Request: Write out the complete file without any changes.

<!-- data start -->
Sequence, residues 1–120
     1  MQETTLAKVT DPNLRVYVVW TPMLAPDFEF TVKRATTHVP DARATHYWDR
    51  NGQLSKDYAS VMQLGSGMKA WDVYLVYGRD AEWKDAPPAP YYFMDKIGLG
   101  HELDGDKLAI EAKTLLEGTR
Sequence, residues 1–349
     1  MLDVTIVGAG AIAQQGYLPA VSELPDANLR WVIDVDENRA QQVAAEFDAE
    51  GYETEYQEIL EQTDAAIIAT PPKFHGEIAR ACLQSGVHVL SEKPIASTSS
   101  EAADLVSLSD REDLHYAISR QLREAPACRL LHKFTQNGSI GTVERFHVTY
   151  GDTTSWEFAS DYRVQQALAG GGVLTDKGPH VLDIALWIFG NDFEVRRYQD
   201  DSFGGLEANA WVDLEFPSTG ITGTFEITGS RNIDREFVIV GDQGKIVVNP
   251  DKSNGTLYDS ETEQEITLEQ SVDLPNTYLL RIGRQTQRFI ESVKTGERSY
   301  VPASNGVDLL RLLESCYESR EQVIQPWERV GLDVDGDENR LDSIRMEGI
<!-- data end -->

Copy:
Sequence, residues 1–120
     1  MQETTLAKVT DPNLRVYVVW TPMLAPDFEF TVKRATTHVP DARATHYWDR
    51  NGQLSKDYAS VMQLGSGMKA WDVYLVYGRD AEWKDAPPAP YYFMDKIGLG
   101  HELDGDKLAI EAKTLLEGTR
Sequence, residues 1–349
     1  MLDVTIVGAG AIAQQGYLPA VSELPDANLR WVIDVDENRA QQVAAEFDAE
    51  GYETEYQEIL EQTDAAIIAT PPKFHGEIAR ACLQSGVHVL SEKPIASTSS
   101  EAADLVSLSD REDLHYAISR QLREAPACRL LHKFTQNGSI GTVERFHVTY
   151  GDTTSWEFAS DYRVQQALAG GGVLTDKGPH VLDIALWIFG NDFEVRRYQD
   201  DSFGGLEANA WVDLEFPSTG ITGTFEITGS RNIDREFVIV GDQGKIVVNP
   251  DKSNGTLYDS ETEQEITLEQ SVDLPNTYLL RIGRQTQRFI ESVKTGERSY
   301  VPASNGVDLL RLLESCYESR EQVIQPWERV GLDVDGDENR LDSIRMEGI